Buying an investment fund may incur a sales charge (although today this should not be the case). Depending on your route to the purchase: platform or direct.
A back-end load/charge fund structure gives the appearance of a “no sales load” fund, but it is actually a full sales load fund in disguise, with financial advisers paid a sales fee of 5% too 8% by the fund up front.
This disguise is supported by a lack of transparency which enables the sales process for back-end load funds to be based on a client proposition of “no subscription charge and a redemption/exit charge which reduces annually and disappears altogether after five years”.
This can be positioned as an immediate up-front saving of 5% on the published subscription fee, with 100% of the investor’s money buying shares in the fund. It also holds out the appealing prospect of combining that discount with no exit fee if the fund is held for over five years.
This is a proposition which offshore financial advisers find relatively easy to sell and which is supported by the literature produced by these funds.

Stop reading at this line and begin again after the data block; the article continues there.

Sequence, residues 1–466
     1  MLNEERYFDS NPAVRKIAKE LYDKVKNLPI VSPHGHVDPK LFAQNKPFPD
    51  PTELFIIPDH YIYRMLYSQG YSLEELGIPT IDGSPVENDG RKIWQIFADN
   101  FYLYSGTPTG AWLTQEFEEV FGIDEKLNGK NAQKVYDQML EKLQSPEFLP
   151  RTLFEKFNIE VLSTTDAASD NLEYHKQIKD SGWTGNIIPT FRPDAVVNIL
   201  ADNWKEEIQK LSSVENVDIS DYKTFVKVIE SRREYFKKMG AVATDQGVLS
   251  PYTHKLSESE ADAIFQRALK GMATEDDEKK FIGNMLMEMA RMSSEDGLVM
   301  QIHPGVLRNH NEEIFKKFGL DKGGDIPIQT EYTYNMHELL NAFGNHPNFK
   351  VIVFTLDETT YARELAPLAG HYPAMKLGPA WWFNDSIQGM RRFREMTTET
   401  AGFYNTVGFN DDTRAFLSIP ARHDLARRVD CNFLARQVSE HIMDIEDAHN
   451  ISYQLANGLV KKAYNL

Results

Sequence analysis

These ‘loads’ are effectively sales fees which are used to remunerate offshore financial advisers selling funds to retail investors.
Research show that, in virtually every instance, a front-end load share class will outperform the equivalent back-end load share class by at least 10% over three years. It is clear that the longer the back-end load share class is held, the bigger the gap between front-end and back-end performance. While the impact on a financial adviser’s remuneration is neutral.
It will seldom be in the best interests of the investor to place their money into the back-end load share class rather than the front-end load share class
A quantitative comparison of the front and back-end load share classes of prominent funds in the offshore (which have both share classes) confirms that back-end load funds generally produce poorer returns for investors.
This is most pronounced when the fund classes have been established for three years or more, as this gives a fairer indication of the compounding effect if higher annual charges over time.
Spoting a back end charge
If there is a term or period of time that the fund needs to be held then there is back-end load/charge.